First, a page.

Gov. Bill Haslam today issued Executive Order No. 34, which establishes the Governor’s Commission for Judicial Appointments. This is intended to allow the governor to fill vacancies on the state’s high courts while there is no Legislature-defined process in place. The Judicial Nominating Commission expired at the end of June.
How did we get to this point? It goes back to a decades-old question on how the appellate judiciary gets placed into office—a question which Tennessee voters will be allowed to at least partially answer in the 2014 general election.
The Tennessee Constitution states that judges shall be elected by qualified voters. For years, the “Tennessee Plan” maintained that the letter of that law was satisfied by judicial retention elections. To summarize these elections, when there is a vacancy on one of the higher courts, the first action is for the governor to appoint a successor; and then, at the first regular opportunity and every eight years thereafter, the voters get to decide whether to keep that judge in place.
But some feel that because these judges did not run for office in the first place, the process doesn’t quite follow the Constitution. There have also been squabbles over how the nominees for appointment get selected. Ergo, we have a stalled nominating process which Haslam set about to at least temporarily restart, so that vacancies may be filled.
A constitutional amendment has made it through the General Assembly votes it must get in order to be placed on the ballot; and that amendment will be on next year’s November ballot. We the people of Tennessee will decide whether or not to change our Constitution on the matter of high court judicial selection.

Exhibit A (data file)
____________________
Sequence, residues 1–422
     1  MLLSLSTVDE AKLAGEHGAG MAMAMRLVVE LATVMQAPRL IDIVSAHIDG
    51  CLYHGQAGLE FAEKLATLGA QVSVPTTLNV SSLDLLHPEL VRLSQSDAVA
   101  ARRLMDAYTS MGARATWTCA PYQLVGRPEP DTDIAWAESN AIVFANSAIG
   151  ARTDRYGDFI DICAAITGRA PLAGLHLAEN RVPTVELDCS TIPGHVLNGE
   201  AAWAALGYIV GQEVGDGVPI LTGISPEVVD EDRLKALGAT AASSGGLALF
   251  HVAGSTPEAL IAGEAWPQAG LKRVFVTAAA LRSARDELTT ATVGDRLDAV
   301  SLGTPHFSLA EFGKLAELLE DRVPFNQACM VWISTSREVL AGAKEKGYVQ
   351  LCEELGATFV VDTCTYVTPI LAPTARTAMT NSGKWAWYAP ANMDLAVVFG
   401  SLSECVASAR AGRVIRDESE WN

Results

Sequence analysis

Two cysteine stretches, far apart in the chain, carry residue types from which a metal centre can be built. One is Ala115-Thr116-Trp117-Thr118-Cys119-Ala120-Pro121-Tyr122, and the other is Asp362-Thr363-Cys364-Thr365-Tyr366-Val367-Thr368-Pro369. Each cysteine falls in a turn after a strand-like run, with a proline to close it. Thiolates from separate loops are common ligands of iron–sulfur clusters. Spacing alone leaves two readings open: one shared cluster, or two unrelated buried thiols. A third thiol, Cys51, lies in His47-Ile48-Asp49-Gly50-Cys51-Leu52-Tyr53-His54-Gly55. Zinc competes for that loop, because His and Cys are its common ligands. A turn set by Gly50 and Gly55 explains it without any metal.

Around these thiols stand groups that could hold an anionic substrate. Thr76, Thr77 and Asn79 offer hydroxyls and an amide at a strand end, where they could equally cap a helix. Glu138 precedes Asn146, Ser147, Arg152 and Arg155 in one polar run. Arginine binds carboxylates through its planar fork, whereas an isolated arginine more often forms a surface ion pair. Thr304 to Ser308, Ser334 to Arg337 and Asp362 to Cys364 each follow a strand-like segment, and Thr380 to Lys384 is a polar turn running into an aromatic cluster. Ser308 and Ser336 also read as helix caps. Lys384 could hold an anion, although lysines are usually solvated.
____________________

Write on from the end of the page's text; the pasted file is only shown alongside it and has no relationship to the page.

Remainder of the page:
What does that amendment say and do? That will have to wait for another post.
In the meantime, here are the announcement and the executive order.
NASHVILLE – Tennessee Gov. Bill Haslam today announced he has issued Executive Order No. 34 establishing the Governor’s Commission for Judicial Appointments, a necessary step to sustain the judicial branch of government and its operations.
The new 17-member commission will send a panel of three nominees to the governor to make an appointment when a vacancy occurs or is impending.
The Tennessee Attorney General issued an opinion last week confirming the governor’s authority to continue making judicial appointments after the termination of the Judicial Nominating Commission (JNC) on June 30, 2013. The JNC also had 17 members.
“I would like to keep the process virtually the same for selecting judges in Tennessee the same until Tennesseans have the opportunity to vote on the proposed constitutional amendment in 2014. This commission allows us to continue to select the highest quality people and ensure a stable and effective judiciary,” Haslam said.
The 11 members of the JNC whose terms did not expire with the termination of the JNC will continue to serve on the Governor’s Commission for Judicial Appointments.
The executive order establishes that the governor will appoint the remaining six members of the new commission in consultation with the lieutenant governor and speaker of the House.